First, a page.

In future posts, we will look at each of the three-vessel waveforms and discuss how to obtain the Doppler traces as well as to what contributes to each abnormality as we progress from normal to severe congestion.  For now, it should be said that each of the three vessels was originally chosen to both mitigate each vessels’ inherent pitfalls and also obtain a global view of the systemic venous congestion both near to the right ventricle, where the venous pulsations are generated, and far from the heart, where the peripheral veins can be assessed for reaching the limits of their compliance. The hepatic vein, being close to the right ventricle, will mimic the famous jugular venous pulsations we were all taught in physiology class.  Therefore this vein will give us valuable information on how the right atrium and ventricle are dealing with the venous return and loading conditions they are faced with.  The portal vein, being deeper inside the liver, will give us information on how the venous system there is reaching the limits of its compliance with progressive venous congestion. With little congestion, the portal vein will absorb pressure waves transmitted to it from the heart, but as the vein is more and more distended, we can see the pressure affects the forward flow because of backpressure waves transmitted in a retrograde direction.  Finally, the intra-renal veins are a kind of hybrid between the two other veins we look at.  

The Debrief

  • Venous congestion is often not considered but is actually an important factor for organ perfusion and other deleterious clinical conditions.
  • With the use of VExUS, venous congestion can be assessed.
  • By investigating different vessels with Doppler, we can assess the effects of venous return on the right atrium and ventricle, and also view venous congestion’s effect on more peripheral organs.
  • By investigating the different vessels as a whole, we also can take advantage of eliminating the various pitfalls inherent in looking at only one area affected by venous congestion. 

References

  1. Rivers, E., et al. (2001). “Early Goal-Directed Therapy in the Treatment of Severe Sepsis and Septic Shock.” New England Journal of Medicine 345(19): 1368-1377.
  2. Benkreira, A., et al. (2019). “Portal Hypertension Is Associated With Congestive Encephalopathy and Delirium After Cardiac Surgery.” Can J Cardiol 35(9): 1134-1141.
  3. Sandek, A., et al. (2014). “Intestinal blood flow in patients with chronic heart failure: a link with bacterial growth, gastrointestinal symptoms, and cachexia.” J Am Coll Cardiol 64(11): 1092-1102.
  4. Sundaram, V. and J. C. Fang (2016). “Gastrointestinal and Liver Issues in Heart Failure.” Circulation 133(17): 1696-1703.
  5. Valentova, M., et al. (2016). “Intestinal congestion and right ventricular dysfunction: a link with appetite loss, inflammation, and cachexia in chronic heart failure.” Eur Heart J 37(21): 1684-1691.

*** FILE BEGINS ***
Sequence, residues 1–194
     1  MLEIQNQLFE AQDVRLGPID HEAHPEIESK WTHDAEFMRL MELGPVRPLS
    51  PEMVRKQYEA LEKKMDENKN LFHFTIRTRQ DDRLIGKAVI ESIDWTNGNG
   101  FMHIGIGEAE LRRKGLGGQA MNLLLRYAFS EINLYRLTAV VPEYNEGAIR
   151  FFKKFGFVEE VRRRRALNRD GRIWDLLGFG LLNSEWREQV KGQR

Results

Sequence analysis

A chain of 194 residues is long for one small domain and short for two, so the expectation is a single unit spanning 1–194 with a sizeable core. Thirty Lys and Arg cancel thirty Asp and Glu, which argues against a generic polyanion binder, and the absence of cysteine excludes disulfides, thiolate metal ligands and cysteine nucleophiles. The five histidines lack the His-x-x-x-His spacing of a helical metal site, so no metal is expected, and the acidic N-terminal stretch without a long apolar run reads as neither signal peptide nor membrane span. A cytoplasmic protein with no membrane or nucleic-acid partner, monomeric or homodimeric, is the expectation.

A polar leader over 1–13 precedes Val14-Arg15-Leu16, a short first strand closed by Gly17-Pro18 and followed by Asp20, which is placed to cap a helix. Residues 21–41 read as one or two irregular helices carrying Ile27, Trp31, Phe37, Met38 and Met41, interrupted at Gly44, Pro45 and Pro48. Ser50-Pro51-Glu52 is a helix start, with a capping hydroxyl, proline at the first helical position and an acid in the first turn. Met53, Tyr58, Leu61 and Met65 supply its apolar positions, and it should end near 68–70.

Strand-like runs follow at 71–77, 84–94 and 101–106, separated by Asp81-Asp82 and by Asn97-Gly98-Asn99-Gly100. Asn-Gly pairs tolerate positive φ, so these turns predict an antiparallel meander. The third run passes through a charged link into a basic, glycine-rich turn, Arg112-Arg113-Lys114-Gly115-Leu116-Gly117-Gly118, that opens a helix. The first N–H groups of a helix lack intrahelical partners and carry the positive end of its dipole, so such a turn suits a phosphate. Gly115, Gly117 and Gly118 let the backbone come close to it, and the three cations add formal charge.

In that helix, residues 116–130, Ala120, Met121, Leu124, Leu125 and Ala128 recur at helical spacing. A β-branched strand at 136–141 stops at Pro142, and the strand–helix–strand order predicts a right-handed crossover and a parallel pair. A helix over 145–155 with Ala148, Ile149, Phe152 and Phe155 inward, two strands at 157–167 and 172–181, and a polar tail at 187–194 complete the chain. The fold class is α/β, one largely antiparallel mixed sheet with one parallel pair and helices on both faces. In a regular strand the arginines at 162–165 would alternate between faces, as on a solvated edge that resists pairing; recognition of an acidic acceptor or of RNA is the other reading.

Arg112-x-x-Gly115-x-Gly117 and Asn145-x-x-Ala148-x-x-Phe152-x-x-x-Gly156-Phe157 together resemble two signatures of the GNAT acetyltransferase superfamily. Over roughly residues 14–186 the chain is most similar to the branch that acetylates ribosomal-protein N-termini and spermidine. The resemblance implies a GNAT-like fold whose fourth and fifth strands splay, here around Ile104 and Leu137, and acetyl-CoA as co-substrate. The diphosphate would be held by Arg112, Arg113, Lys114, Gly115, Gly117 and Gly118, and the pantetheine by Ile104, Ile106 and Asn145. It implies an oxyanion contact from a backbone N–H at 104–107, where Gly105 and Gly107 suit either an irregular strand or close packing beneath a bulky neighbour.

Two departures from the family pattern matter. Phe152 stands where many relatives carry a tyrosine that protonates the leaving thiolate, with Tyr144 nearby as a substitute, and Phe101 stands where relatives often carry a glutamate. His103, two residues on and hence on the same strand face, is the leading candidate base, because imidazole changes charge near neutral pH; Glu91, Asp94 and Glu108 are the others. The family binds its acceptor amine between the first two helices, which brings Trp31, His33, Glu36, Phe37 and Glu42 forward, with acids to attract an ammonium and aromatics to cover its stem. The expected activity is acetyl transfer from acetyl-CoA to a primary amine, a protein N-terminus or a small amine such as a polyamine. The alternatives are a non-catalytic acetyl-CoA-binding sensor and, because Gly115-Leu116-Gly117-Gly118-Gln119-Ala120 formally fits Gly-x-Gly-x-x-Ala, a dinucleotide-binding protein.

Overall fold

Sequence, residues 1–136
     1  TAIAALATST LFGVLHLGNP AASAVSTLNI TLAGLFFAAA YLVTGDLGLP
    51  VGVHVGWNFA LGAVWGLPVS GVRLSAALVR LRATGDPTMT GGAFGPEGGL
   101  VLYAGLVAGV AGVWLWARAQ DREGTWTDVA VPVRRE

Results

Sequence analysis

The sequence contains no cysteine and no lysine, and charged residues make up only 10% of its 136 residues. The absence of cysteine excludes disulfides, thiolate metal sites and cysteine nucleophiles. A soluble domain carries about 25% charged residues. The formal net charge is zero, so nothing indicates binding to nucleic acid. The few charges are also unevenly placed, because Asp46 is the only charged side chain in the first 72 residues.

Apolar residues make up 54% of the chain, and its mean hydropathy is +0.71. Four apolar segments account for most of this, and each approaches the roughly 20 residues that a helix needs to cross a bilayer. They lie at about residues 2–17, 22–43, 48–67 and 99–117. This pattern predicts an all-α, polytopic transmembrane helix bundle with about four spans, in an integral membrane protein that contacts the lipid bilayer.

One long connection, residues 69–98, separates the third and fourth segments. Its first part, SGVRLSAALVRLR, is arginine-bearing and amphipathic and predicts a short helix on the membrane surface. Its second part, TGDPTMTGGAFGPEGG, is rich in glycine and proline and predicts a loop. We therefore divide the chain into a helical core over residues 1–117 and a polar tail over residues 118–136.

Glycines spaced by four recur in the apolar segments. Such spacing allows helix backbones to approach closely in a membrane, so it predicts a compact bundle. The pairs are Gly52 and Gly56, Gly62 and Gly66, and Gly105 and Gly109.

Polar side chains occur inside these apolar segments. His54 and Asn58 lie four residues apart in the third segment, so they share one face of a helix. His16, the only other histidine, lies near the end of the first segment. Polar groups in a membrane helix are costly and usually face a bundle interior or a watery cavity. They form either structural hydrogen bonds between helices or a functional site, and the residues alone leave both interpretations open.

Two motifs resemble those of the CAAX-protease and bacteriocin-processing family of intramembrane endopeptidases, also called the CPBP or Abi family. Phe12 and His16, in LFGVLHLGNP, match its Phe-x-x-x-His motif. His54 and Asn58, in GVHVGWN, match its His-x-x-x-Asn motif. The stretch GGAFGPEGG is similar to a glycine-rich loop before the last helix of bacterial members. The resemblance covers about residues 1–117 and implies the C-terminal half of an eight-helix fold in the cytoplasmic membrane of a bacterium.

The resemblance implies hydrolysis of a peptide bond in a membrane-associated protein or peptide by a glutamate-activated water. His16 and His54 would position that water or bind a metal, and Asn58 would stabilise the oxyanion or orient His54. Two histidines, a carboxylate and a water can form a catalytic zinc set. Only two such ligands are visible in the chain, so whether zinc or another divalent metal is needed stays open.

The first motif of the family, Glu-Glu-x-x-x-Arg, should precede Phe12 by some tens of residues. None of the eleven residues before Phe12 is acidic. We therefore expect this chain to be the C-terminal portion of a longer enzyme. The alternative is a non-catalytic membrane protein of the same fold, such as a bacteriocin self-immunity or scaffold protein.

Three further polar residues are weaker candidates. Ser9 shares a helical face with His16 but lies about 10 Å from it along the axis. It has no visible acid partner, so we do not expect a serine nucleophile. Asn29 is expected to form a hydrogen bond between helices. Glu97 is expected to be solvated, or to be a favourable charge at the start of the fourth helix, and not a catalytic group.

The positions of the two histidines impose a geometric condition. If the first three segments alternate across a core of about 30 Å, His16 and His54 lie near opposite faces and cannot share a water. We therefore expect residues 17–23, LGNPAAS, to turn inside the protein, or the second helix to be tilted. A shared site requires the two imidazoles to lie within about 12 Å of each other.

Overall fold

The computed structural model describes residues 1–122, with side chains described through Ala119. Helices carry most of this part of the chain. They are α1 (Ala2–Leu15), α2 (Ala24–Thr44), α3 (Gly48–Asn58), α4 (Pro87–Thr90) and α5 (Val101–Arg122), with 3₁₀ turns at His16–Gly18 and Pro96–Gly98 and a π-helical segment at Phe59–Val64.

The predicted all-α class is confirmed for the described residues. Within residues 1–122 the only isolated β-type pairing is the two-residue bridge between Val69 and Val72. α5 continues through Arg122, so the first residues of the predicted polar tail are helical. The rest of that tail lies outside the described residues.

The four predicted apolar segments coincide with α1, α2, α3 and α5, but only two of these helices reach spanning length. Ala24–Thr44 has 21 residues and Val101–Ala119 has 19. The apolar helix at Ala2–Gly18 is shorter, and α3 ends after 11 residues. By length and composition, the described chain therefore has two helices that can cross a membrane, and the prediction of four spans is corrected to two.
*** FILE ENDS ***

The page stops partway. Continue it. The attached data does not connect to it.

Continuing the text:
6. Bhardwaj, V., et al. (2020). “Combination of Inferior Vena Cava Diameter, Hepatic Venous Flow, and Portal Vein Pulsatility Index: Venous Excess Ultrasound Score (VEXUS Score) in Predicting Acute Kidney Injury in Patients with Cardiorenal Syndrome: A Prospective Cohort Study.” Indian J Crit Care Med 24(9): 783-789.
  7. Iida, N., et al. (2016). “Clinical Implications of Intrarenal Hemodynamic Evaluation by Doppler Ultrasonography in Heart Failure.” JACC Heart Fail 4(8): 674-682.
  8. Bouchard, J. and R. L. Mehta (2009). “Fluid accumulation and acute kidney injury: consequence or cause.” Curr Opin Crit Care 15(6): 509-513.
  9. Gambardella, I., et al. (2016). “Congestive kidney failure in cardiac surgery: the relationship between central venous pressure and acute kidney injury.” Interact Cardiovasc Thorac Surg 23(5): 800-805.
  10. Maxwell, M. H., et al. (1950). “Renal Venous Pressure in Chronic Congestive Heart Failure.” J Clin Invest 29(3): 342-348.
  11. Nijst, P., et al. (2017). “Intrarenal Flow Alterations During Transition From Euvolemia to Intravascular Volume Expansion in Heart Failure Patients.” JACC Heart Fail 5(9): 672-681.
  12. Nijst, P., et al. (2017). “Renal response to intravascular volume expansion in euvolemic heart failure patients with reduced ejection fraction: Mechanistic insights and clinical implications.” Int J Cardiol 243: 318-325.
  13. Woodward, C. W., et al. (2019). “Fluid Overload Associates With Major Adverse Kidney Events in Critically Ill Patients With Acute Kidney Injury Requiring Continuous Renal Replacement Therapy.” Crit Care Med 47(9): e753-e760.
  14. Zhang, L., et al. (2015). “Associations of fluid overload with mortality and kidney recovery in patients with acute kidney injury: A systematic review and meta-analysis.” J Crit Care 30(4): 860 e867-813.
  15. Chappell et.al., Hypervolemia increases release of atrial natriuretic peptide and shedding of the endothelial glycocalyx. Critical Care 2014, 18:538
  16. Beaubien-Souligny, W., et al. (2020). “Quantifying systemic congestion with Point-Of-Care ultrasound: development of the venous excess ultrasound grading system.” Ultrasound J 12(1): 16.